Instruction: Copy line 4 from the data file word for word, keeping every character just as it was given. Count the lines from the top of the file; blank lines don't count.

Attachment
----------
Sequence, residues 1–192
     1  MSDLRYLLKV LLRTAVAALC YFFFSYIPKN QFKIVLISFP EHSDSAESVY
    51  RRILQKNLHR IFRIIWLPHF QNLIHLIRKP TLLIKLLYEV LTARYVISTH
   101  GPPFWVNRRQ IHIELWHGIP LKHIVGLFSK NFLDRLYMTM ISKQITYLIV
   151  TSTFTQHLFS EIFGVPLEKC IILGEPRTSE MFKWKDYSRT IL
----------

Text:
   101  GPPFWVNRRQ IHIELWHGIP LKHIVGLFSK NFLDRLYMTM ISKQITYLIV